Cynthia Bourgeault is one of those authors who I can sometimes “get” and sometimes I scratch my head.  She’s been a guest writer in Rohr’s blog over the course of the last couple months.  She is so deep that I often lose her on the way down into the cave mountain she’s trying to take me.

So, when her post today made sense to me…it was a moment of excitement, encouragement, and wonderment.  In other words, the “ment’s” were working to form a great big “Ah.  Ah Ha” today.

What does it say to you–even if it is bemusement?

 

The Opposition Is Never the Problem
Sunday, March 19, 2017

This week Cynthia Bourgeault, one of CAC’s core faculty members, continues exploring how the Law of Three can be put into action to facilitate positive change in the world.

We’ve been exploring the Law of Three in a theoretical way, getting acquainted with its major precepts and a few of its peculiarities. But what do some concrete examples of Law of Three in action look like? Consider the following Law of Three triads:

seed/moist earth/sun = sprout
flour/water/fire = bread
plaintiff/defendant/judge = resolution
sails/keel/helmsperson = course made good

But these are only textbook examples, while the Law of Three is all about action. It is one thing to recognize a Law of Three configuration in a theoretical exploration; it is another thing altogether to recognize it in actual life and be able to work with it confidently and skillfully.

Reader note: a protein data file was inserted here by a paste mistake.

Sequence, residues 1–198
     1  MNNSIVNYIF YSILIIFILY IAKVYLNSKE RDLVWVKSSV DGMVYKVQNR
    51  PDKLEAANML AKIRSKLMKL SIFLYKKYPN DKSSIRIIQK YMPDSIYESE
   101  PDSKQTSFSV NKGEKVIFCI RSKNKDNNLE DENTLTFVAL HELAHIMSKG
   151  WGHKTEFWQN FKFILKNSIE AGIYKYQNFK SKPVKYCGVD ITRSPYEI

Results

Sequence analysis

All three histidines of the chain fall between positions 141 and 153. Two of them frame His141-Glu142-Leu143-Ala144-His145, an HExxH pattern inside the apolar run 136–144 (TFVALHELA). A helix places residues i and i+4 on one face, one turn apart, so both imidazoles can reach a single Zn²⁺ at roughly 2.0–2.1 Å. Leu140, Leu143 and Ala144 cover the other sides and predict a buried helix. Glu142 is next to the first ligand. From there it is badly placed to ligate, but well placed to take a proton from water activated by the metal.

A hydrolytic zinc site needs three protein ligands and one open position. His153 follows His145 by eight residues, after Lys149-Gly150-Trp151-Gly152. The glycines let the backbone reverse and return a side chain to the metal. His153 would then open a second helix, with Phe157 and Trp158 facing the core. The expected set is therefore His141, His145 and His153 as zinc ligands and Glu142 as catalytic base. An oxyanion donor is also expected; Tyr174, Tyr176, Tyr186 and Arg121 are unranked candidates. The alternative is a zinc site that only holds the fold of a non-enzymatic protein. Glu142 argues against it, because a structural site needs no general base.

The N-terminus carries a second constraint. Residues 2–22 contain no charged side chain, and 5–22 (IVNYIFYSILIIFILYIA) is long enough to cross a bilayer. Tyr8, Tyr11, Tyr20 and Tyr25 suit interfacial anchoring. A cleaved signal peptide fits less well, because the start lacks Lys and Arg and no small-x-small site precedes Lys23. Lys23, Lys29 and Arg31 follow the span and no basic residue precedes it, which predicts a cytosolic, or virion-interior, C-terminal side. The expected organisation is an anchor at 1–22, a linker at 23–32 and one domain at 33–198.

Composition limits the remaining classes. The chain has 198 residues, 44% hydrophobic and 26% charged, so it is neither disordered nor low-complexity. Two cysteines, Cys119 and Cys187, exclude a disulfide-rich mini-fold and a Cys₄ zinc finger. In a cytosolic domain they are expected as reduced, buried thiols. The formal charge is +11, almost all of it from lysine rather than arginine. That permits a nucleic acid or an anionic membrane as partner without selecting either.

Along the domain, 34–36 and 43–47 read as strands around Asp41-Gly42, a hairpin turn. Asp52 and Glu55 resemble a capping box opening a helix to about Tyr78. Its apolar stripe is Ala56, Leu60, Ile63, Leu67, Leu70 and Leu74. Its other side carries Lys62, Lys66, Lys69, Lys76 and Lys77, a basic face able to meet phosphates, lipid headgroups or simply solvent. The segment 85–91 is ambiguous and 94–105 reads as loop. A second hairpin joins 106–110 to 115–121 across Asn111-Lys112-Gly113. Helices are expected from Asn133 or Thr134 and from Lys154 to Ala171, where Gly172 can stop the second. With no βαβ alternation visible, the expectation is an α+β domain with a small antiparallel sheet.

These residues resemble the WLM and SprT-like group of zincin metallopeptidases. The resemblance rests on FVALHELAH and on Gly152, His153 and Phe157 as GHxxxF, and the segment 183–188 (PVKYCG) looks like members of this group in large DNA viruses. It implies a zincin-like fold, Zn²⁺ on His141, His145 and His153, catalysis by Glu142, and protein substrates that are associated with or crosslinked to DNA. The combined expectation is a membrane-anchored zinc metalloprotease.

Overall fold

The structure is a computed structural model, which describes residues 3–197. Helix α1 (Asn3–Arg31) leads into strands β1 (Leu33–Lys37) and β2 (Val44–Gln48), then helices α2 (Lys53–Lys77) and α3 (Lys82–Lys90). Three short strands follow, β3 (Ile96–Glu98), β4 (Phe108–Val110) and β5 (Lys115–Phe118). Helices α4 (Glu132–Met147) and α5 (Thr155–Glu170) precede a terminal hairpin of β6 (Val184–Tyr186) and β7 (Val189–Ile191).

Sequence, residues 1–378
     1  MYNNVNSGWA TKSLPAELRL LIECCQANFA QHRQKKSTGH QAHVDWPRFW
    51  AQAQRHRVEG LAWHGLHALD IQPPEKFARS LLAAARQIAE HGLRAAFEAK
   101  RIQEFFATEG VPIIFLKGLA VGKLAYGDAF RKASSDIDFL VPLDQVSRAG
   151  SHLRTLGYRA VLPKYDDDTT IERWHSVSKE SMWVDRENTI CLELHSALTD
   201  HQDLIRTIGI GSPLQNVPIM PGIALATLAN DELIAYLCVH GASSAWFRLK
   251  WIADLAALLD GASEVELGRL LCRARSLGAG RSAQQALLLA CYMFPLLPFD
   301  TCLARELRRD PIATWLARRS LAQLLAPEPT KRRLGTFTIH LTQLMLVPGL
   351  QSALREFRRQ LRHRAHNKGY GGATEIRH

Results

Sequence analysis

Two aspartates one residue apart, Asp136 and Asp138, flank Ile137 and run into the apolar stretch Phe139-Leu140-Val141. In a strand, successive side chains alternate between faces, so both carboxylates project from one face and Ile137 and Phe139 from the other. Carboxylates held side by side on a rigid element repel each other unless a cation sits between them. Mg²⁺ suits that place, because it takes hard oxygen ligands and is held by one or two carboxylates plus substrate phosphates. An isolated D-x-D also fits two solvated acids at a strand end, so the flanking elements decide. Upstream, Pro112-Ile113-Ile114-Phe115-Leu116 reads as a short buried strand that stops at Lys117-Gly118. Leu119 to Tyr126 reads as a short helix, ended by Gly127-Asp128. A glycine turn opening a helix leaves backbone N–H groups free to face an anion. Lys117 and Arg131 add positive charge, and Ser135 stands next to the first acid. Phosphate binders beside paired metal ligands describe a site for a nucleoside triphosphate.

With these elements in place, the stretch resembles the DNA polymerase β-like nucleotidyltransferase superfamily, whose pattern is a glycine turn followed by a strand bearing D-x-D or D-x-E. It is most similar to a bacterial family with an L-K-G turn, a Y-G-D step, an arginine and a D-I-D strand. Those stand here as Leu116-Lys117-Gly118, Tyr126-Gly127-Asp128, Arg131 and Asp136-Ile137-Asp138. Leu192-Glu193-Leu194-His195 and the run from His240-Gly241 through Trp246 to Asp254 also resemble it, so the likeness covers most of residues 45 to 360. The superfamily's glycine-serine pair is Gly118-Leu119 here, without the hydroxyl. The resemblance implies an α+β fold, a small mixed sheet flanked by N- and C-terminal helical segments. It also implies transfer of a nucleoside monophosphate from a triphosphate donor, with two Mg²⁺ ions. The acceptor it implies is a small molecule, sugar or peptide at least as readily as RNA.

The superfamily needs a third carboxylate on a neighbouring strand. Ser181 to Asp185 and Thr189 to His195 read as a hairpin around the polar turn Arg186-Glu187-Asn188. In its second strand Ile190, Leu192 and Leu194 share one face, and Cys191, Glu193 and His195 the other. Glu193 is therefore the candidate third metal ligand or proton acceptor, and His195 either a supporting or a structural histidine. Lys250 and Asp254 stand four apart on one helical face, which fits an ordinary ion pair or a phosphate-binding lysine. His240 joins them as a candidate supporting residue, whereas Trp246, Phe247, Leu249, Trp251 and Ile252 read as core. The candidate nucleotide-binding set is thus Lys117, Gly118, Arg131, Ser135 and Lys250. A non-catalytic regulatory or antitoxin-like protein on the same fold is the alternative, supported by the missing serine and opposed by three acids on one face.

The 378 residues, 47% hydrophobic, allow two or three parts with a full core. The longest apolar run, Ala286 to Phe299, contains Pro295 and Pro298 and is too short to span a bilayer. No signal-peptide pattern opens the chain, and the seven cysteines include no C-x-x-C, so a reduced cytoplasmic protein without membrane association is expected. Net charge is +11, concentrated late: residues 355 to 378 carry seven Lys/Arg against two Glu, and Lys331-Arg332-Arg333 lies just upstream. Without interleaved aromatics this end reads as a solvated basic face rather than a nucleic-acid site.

The single most liberating insight to come out of my work with the Law of Three was the realization that what appears to be the resisting or opposing force is never actually the problem to be overcome. Second force, or holy denying, is a legitimate and essential component in every new arising: no resistance, no new arising!

That realization in and of itself radically rearranges the playing field, shifting the focus away from trying to eliminate the opposition and toward working collaboratively for a more spacious solution. According to the Law of Three, once an impasse is reached, it can never be solved by going backward but only forward, into that new arising that honors all the players and brings them into a new relationship. (Einstein seems to have been on to this insight in his famous dictum that a problem can never be solved at the level at which it is created.) The three forces are like three strands in a braid; all three are required for the weaving.

One woman in a group I was working with was almost instantly able to turn around a very difficult standoff with an ultraconservative bishop when she realized that his resistance was not the problem to be solved but a given to be worked with. With an almost visceral “Aha!” she relaxed her sense of polarization and was stunned to learn the next day that he had miraculously softened his stance. While it was not clear to her who had actually been the broker of third force here, it was clear to her that the two relaxations were not unrelated.